What does the 14th Amendment say about disqualifying Trump?

What does the 14th Amendment say about disqualifying Trump?

A prosecutor in President Lincoln’s assassination trial and three of Donald Trump’s judicial appointments may well determine the 2024 presidential election.

U.S. Representative John Bingham (R-OH) guided the Fourteenth Amendment through Congress to protect our republic from subversives. He has recently become one of the most Googled people by historians, political scientists and journalists.

As a member of Congress’ Joint Committee on Reconstruction, Bingham was the primary architect of the Fourteenth Amendment, perhaps the most powerful amendment to the US Constitution. Historically, the Fourteenth Amendment has been used to expand civil liberties and more recently, there has been debate regarding birthright citizenship, the national debt, and former President Trump’s ability to serve a second term.

Trump’s supporters and others have questioned the relevance of the Fourteenth Amendment’s insurrection clause to the January 6 attack on the U.S. Capitol. Their argument goes something like this, “Trump did not personally go to the Capitol, and if he did, the attacks are not insurrection, and if it were, then the Fourteenth Amendment refers to civil war, and if it applies, So this American president doesn’t say that, and if it does, it doesn’t matter because the president has immunity.”

It will be up to the US Supreme Court to determine the applicability of the insurrection clause to Trump’s potential disqualification from office.

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The Supreme Court’s 6-3 conservative supermajority includes three Trump appointees, and these conservative originalists support a supposedly strict interpretation of the Constitution. This philosophy holds that the Constitution should be taken word-for-word, not interpreted or contextualized, and that the meaning of words should be considered in the same manner as the words were used at the time of the Constitution’s creation and ratification.

Indeed, the Constitution does not specify a President of the United States in Section 3 of the Fourteenth Amendment. he says:

“No person shall be a Senator or Representative in Congress, or an elector of the President and Vice-President, or hold any civil or military office under the United States or any State, before he has been sworn as a member of Congress. , or as an officer of the United States, or as a member of any State legislature, or as an executive or judicial officer of any State, to support the Constitution of the United States”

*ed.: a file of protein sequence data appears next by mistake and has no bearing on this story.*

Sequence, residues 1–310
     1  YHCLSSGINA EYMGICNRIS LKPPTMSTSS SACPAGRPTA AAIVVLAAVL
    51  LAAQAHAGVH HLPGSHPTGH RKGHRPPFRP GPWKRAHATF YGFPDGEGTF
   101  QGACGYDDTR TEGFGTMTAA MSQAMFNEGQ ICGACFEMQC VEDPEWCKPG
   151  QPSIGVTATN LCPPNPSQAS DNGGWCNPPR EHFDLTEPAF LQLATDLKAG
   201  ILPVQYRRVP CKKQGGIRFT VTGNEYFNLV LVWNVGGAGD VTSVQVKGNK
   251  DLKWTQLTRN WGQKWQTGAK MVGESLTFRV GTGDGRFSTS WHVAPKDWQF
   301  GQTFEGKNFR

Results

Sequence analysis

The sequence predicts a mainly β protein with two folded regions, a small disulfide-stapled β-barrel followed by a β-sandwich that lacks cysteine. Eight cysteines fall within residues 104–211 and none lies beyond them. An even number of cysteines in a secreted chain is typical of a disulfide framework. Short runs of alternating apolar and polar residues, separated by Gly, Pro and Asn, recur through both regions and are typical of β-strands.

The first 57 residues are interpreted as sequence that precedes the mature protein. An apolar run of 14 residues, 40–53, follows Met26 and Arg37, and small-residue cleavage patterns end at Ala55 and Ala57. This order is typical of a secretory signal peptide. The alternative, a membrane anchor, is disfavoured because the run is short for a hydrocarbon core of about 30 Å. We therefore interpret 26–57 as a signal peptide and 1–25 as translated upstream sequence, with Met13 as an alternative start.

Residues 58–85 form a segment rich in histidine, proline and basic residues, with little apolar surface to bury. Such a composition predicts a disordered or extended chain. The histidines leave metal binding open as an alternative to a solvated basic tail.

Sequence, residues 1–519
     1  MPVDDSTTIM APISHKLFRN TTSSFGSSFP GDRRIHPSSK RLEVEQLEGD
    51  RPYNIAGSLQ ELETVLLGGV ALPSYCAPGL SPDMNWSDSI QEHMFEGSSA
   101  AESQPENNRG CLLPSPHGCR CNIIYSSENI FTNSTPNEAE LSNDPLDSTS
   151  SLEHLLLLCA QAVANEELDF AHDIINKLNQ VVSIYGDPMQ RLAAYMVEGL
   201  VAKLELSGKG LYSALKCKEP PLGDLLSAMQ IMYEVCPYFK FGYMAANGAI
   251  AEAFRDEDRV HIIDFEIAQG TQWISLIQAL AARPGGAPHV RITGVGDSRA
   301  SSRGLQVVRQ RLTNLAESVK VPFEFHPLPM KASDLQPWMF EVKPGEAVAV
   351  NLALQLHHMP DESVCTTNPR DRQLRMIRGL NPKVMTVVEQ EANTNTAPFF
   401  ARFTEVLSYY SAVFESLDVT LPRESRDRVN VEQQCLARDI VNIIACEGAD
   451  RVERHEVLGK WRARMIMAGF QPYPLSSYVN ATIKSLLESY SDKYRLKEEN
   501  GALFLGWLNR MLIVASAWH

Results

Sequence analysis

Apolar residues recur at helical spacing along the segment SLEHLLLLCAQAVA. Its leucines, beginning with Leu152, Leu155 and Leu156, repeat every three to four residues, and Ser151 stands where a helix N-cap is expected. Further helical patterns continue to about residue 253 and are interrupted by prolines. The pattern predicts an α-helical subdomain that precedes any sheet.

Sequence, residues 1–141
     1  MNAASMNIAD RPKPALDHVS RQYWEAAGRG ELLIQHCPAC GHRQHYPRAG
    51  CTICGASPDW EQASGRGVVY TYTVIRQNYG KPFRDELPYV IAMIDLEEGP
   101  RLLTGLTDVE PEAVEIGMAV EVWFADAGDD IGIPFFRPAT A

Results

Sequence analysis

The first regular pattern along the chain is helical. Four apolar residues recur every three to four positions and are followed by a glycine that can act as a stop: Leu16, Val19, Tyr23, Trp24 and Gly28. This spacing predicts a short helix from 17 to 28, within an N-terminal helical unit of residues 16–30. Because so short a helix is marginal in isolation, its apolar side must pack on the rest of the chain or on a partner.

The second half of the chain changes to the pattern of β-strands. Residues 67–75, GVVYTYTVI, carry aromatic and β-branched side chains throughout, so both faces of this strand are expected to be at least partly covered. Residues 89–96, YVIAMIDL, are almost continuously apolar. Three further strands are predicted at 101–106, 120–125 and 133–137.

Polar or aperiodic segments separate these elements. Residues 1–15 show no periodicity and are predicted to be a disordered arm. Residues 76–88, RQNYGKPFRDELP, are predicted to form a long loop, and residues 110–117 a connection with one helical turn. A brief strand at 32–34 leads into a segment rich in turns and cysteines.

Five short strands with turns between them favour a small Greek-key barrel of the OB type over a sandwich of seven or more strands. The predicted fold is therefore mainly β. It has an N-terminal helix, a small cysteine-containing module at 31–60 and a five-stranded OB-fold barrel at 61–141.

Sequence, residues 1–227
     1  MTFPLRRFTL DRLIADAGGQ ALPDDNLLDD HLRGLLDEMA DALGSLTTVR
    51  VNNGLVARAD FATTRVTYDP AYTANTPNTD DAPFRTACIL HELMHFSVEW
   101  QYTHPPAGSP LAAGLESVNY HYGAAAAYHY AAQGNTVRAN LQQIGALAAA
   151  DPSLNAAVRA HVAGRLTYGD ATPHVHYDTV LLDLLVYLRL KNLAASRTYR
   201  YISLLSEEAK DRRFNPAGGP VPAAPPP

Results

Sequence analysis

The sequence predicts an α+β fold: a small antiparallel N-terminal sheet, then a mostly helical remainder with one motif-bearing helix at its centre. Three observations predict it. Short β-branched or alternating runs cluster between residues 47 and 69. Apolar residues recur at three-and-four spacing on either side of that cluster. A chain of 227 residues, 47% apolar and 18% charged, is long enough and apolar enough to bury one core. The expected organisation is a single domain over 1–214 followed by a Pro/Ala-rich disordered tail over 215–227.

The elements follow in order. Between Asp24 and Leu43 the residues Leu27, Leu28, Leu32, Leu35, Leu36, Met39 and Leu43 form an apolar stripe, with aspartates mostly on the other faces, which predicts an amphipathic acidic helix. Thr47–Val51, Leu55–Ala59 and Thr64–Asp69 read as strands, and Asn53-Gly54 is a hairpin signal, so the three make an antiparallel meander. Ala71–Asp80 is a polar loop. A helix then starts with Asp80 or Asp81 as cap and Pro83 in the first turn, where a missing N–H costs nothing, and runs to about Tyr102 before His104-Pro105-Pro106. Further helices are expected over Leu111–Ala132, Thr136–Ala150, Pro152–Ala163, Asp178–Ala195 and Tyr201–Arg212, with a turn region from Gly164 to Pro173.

That is, it says that “No person…shall hold any office…under the United States…who has previously held…as an officer of the United States…the Constitution of the United States.” Sworn to support”—any position.

Meanwhile, Article II of the Constitution refers to the office of the President in Article I, Clauses 1 and 5, as well as the word “office” in Article One, Clauses 6 and 8. Section 8 also requires the President to take oath or affirmation. “Faithfully execute the office of President of the United States” and “Preserve, preserve, and defend the Constitution of the United States.” Thus, there are five references to the President as an officer under the United States in the Constitution.

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(Under the doctrine of superseding authority, the latest parts of the Constitution supersede earlier parts, so Section 3 of the Fourteenth Amendment is also an amendment to the requirements of the office of the President listed under Article 2, Section 1, Clause 5. )

But, the slippery slope is that Section 3 of the Fourteenth Amendment mentions civil war. And yet, the term civil war is not used in the so-called rebellion section. It disqualifies any person who took the oath and then “joined in rebellion or insurrection against the same, or gave aid or comfort to his enemies.”

Gaines Foster of Louisiana State University notes that Abraham Lincoln often referred to the Civil War as the “Rebellion” and referred to the war concurrently as the War of the Rebellion, the Slaveholders’ Rebellion, the Insurrection, the Abolition War, Was also known. The War Between the States, and Northern Invasion.

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Therefore, a literal interpretation of the Constitution shows that Section 3 does not capitalize on rebellion or insurrection, nor does the grammatical article “the” come before the terms. Section 3 broadly refers to any rebellion or insurrection. In fact, 18 US Code § 2383, which was written in 1948 and edited in 1994, also uses the same phrase “insurrection or rebellion” and I doubt many former Confederates were alive in 1994. The same US Code defines rebellion as inciting, aiding or abetting rebellion. Such a person is prohibited from holding any office if he engages in “any rebellion or insurrection against the authority of the United States or the laws thereof.”

In 2000, the judicial veil of impartiality was torn when a 5–4 conservative majority (including current Associate Justice Clarence Thomas) sided against states’ rights and decided the 2000 presidential election in favor of the conservative candidate.

Trump vs. Anderson It could be determined on March 19, the 124th anniversary of John Bingham’s death. If conservatives in the Supreme Court hold on to the strict constructionism and originalist philosophies they espouse, Trump will be disqualified as a candidate for President of the United States.


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